I HATE that I still think about Jerkface. It’s so much less than it used to be when we were married, but still…all these years later and there he is in my brain…Jerkface. Right now I am so angry at the years I threw away to be with that man – the money, friends, and opportunity I discarded because they didn’t fit into his crazy plan for our miserable little life together.
There are moments I suppose I will probably replay in my head, over and over again, for the rest of my life, trying to make some sense of what he said, trying to understand how I let it happen.
Sometimes I imagine myself shaking my head in pity and disgust and simply walking out as I should have done, as I wished I could have done but instead cried and begged forgiveness from him. Sometimes I dream that I escape while he is napping, or at work, or at his expensive week-long baseball camp that he was allowed to go on while I was tormented for wanting to see a friend without him for an hour or two. Sometimes I imagine disappearing into a stranger’s house while on vacation in Hawaii and telling them my husband is an abuser and then changing my name and living there in paradise forever. Without him.
Most days I don’t think of him. Most days I am too busy with my own real life, where I have the pleasure of “normal” problems like a dirty kitchen floor, a too-short haircut, or a sick dog. Those of us who were or are partners with abusers know – these run-of-the mill frustrations, annoyances, disappointments are a luxury.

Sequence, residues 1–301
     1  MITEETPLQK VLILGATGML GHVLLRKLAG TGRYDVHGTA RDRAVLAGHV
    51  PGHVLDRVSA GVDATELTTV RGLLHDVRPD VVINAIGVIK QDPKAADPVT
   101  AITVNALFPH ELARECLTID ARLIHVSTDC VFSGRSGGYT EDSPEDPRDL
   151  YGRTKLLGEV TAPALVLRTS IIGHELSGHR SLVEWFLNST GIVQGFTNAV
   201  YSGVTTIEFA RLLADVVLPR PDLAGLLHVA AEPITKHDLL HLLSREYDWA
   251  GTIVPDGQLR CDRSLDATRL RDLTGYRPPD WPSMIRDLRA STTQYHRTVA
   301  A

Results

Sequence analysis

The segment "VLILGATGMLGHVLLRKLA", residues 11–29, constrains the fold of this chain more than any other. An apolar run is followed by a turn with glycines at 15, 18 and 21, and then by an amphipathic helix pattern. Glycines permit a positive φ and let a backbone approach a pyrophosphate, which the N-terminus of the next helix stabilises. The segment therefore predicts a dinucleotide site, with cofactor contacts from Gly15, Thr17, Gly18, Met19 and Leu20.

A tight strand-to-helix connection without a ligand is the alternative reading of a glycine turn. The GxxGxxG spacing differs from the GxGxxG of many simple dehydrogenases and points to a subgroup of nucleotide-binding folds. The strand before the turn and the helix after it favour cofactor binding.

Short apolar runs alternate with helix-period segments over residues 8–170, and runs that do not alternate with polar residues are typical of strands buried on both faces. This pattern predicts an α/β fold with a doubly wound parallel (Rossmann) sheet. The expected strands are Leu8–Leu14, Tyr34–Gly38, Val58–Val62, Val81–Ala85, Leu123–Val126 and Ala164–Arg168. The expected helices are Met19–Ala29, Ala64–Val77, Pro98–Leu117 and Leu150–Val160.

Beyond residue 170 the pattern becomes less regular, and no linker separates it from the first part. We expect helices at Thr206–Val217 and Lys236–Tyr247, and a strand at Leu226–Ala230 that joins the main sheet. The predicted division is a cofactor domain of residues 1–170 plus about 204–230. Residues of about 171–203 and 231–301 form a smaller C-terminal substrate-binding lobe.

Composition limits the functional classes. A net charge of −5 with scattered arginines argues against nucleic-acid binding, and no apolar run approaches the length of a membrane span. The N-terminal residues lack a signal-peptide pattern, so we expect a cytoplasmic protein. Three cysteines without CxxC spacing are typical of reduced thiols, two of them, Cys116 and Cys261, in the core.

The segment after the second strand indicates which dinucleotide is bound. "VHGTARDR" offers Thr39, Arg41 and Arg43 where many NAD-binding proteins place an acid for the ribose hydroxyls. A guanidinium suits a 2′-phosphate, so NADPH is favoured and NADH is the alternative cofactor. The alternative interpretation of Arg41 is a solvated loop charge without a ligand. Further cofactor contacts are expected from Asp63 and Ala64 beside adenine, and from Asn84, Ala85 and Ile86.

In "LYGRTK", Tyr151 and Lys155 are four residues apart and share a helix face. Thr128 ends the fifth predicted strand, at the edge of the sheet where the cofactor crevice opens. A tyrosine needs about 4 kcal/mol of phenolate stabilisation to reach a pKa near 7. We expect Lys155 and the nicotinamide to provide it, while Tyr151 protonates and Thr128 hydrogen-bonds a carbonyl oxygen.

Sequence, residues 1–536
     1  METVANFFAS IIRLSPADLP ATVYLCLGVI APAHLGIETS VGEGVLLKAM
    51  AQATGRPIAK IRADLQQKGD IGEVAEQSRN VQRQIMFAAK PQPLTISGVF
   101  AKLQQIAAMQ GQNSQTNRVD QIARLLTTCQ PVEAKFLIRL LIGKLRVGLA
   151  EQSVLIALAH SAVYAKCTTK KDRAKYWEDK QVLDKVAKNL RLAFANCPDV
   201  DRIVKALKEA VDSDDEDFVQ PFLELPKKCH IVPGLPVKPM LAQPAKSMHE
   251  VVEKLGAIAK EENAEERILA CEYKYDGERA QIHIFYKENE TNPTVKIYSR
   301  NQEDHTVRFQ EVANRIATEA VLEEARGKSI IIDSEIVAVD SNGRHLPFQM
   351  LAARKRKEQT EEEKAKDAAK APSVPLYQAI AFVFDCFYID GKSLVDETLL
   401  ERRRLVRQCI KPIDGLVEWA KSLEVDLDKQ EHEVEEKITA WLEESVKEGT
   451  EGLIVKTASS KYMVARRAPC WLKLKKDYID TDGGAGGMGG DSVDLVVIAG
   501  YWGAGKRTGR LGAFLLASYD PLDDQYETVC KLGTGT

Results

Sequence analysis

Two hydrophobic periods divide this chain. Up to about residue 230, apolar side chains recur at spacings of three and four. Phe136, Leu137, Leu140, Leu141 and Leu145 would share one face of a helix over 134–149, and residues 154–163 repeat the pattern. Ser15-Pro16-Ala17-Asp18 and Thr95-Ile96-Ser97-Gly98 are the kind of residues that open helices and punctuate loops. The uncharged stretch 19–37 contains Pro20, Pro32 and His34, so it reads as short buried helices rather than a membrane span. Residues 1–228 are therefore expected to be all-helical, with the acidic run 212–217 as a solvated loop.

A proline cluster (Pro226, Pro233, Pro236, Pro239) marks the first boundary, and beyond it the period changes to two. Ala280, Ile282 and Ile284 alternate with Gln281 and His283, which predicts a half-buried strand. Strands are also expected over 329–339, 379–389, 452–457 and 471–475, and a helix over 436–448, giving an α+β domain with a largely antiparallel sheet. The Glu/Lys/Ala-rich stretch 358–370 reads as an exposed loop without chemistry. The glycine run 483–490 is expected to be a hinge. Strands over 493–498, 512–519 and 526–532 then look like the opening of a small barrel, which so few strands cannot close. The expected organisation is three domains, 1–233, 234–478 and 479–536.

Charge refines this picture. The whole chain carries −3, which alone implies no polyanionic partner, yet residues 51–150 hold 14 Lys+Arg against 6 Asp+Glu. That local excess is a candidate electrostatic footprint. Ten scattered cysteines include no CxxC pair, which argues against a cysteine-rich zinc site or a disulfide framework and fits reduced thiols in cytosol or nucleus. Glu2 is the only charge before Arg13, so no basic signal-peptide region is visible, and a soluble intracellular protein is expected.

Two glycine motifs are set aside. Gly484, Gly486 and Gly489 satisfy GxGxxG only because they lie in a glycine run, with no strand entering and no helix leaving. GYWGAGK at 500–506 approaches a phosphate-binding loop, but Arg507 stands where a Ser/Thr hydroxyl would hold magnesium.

On some level we understand that life can be hard and painful but abuse is something entirely different. It’s not normal. It’s not ok. It’s not just a disagreement.
We will probably be processing the trauma of our abusive incidents for some time still, but the further away we get from it, the less space it will occupy.When I first left Jerkface, I thought about him daily. After having been Jerkface-free for more than a decade, I now go weeks or even months without doing so.
I try not to judge myself for still needing to process what happened to me. But I still do wonder, what if…
As with meditation, I allow the thought to be there, I try not to indulge or deny. I let it happen and I move on. I think about what I should wear tomorrow, what I need to buy at the grocery story, who I need to call back. And when I step outside myself, I see how far I’ve come.
Most of the time I am a regular person with too much to do and too little time to do it and I forget that the way I feel now, the life I now live, was once a goal and a dream that seemed almost unattainable. Jerkface may still occupy a tiny space in my head, but he can never take what I now have away from me.
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